Enough: Staying Human in an Engineered Age is Bill McKibben’s third book about doing without, following Maybe One, about having only one child, and Hundred Dollar Holiday, about the virtues of the simplest possible Christmas (it was, appropriately, the slimmest possible volume).
The job McKibben sets himself here, however, may be even harder than persuading Americans to put their credit cards away. McKibben, the author of The End of Nature and as good-natured an enemy of the modern American way of life as one can possibly imagine, aims to put the brakes on the revolutions in biological and computer science. He worries about what’s called germline manipulation, currently prohibited for humans, by which qualities like IQ, say, or blonde hair, or morality, could be engineered into a child’s genes. Another cause for hand-wringing is nanotechnology, the new techniques of manipulating materials at the atomic level that some scientists believe might ultimately lead to Star Trek–like manufacturing marvels, and finally (cue ominous orchestral track) to “Homo Cyberneticus,” a creature, according to one British futurist, with “a full duplex link between man and machine.”
McKibben doesn’t want to meet him. “We stand on the edge of disappearing even as individuals,” he writes. “We are snipping the very last weight holding us to the ground, and when it’s gone, we will float silently away into the vacuum of meaninglessness.”
Forest ruminant that he is, McKibben perceives this technological commotion at a distance and rather dimly. Proselytizers and techno-radicals flit across the pages talking about a world without work, about immortality, about downloading consciousness into computers, about the limited computing power that finally may lead to a Terminator-style war between man and robot.
These may eventually be significant questions, possibly posing a peril even greater than global warming. At this point, however, it’s extremely difficult to tell the dire inevitabilities from the hot air. McKibben is taking issue with the kinds of ideas that came up in Palo Alto over a good bottle of Napa Chardonnay, when everybody thought they had the simple matter of getting rich on the Internet licked. To invoke another ruminant: McKibben is shutting the barn door before the cows have even arrived. McKibben would make an excellent neighbor, a man who would always stop to push your car—even a gas-guzzling SUV—out of a snowbank. And saving the planet begins at home. But there is narcissism here, too—saintliness as obsessive moral hygiene. Moral hygiene, no doubt, is a useful quality, but saintliness is not always an arguer’s best posture.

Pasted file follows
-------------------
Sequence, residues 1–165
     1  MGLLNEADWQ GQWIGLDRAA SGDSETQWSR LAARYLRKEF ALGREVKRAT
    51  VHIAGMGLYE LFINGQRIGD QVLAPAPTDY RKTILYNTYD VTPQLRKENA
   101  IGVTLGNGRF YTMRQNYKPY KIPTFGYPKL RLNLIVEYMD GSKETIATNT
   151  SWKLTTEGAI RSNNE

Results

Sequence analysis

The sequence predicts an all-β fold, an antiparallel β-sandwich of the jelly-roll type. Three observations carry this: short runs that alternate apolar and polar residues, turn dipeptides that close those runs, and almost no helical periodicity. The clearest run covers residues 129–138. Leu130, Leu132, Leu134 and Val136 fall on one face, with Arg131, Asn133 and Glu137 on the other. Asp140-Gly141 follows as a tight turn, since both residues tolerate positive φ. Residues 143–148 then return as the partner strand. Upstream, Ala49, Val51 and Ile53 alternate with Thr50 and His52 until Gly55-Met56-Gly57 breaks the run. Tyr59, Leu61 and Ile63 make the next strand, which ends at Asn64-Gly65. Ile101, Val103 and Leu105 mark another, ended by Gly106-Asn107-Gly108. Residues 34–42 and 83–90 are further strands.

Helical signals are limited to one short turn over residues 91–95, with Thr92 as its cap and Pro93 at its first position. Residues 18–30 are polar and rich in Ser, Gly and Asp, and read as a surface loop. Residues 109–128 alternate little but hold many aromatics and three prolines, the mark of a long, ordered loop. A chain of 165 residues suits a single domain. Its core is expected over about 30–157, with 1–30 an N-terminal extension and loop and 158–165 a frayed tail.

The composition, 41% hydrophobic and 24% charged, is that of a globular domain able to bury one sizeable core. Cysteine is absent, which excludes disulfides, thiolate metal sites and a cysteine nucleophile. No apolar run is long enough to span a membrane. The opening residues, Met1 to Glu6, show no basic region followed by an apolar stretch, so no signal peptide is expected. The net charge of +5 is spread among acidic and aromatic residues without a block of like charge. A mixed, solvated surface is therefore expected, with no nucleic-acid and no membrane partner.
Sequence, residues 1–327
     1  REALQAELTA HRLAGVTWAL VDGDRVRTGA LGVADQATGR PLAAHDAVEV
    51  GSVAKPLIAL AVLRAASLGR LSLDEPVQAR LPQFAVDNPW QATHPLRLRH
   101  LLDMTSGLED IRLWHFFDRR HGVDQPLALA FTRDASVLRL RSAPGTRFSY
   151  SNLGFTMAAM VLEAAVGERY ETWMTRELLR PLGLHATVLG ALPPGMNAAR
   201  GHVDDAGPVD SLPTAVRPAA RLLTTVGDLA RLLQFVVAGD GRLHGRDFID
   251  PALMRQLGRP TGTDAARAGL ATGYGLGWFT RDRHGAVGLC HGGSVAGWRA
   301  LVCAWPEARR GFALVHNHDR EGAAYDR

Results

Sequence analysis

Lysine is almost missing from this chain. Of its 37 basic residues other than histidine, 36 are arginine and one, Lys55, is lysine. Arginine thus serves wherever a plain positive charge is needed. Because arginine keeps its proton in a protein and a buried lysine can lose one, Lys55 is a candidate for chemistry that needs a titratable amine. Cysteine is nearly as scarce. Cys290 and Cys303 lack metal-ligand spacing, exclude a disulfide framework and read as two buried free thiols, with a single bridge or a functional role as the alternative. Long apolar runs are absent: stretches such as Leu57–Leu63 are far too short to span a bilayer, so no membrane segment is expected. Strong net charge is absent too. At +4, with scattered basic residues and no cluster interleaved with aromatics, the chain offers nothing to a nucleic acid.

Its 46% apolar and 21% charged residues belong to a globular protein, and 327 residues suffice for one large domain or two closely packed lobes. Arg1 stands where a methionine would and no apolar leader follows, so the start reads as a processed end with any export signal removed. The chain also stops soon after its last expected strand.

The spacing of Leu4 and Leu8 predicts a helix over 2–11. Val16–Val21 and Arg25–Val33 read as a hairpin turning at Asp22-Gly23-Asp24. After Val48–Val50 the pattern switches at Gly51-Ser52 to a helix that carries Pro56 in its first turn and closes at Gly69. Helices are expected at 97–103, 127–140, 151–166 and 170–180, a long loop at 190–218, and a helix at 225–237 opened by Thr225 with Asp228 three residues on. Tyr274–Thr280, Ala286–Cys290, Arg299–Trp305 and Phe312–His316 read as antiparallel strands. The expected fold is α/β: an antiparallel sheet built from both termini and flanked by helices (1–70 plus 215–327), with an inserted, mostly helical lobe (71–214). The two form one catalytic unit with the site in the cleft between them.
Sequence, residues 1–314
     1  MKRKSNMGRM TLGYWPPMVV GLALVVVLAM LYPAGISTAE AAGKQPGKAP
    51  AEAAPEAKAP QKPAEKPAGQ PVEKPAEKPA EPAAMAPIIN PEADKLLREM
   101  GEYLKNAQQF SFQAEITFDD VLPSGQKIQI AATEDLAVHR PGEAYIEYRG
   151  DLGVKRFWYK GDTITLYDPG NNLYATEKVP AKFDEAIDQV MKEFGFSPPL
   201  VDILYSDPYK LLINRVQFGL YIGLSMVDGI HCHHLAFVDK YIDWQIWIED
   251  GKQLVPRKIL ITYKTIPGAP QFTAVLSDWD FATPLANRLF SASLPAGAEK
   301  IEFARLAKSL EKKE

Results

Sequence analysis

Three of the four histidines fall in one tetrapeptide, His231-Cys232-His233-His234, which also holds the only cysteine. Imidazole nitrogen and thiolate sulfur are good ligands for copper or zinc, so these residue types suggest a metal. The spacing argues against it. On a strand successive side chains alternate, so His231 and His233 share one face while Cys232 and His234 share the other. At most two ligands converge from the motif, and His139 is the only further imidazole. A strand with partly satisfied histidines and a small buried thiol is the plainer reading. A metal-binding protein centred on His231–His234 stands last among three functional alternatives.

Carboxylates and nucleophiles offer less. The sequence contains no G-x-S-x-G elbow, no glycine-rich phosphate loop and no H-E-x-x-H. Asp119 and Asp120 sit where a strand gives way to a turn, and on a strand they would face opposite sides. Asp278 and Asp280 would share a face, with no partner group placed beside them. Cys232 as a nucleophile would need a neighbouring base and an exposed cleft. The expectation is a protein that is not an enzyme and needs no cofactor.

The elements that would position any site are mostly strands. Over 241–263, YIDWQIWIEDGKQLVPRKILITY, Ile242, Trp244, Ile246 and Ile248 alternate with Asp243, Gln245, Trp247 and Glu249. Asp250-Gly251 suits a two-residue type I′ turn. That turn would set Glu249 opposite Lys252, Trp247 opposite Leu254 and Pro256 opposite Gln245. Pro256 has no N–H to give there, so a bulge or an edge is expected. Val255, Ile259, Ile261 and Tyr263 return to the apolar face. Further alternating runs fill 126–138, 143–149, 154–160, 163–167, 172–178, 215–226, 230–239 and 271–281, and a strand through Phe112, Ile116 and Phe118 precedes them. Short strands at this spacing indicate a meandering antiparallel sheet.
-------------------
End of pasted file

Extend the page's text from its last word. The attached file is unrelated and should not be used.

McKibben is a genius of self-abnegation with his ceaseless marathon training. One pines for the granola-head exuberance of the Whole Earth Catalogue, a scoop of Cherry Garcia with the dutiful gruel. For McKibben, less is always more, and everything in his work proceeds from a sense of satisfaction with the life he’s carved for himself in the Adirondacks. But McKibben’s isn’t a good life for everyone—for one thing, the Adirondacks might get rather crowded.
“To put it bluntly,” he writes, “the fight to ward off a posthuman future begins with at least a muted celebration of the human present.” We know how McKibben feels about muted celebrations. Still, as an affirmation, this feels somewhat impoverished. McKibben goes on to cite the Amish (the Amish!) as an example of a people who’ve managed to renounce progress. They have admirable virtues, to be sure. But they probably don’t have much to show the world about managing the onrush of technological change. He also cites the Chinese renunciation of sea-faring in the early 1400s—just as China was on the verge of discovering America—as a possible model for how to stop our scientific explorations. “We’re less interested here,” he writes, “in whether it was a good idea than in the mere fact that it happened.” McKibben’s tin ear for politics will have to be completely reengineered if he intends to start a movement.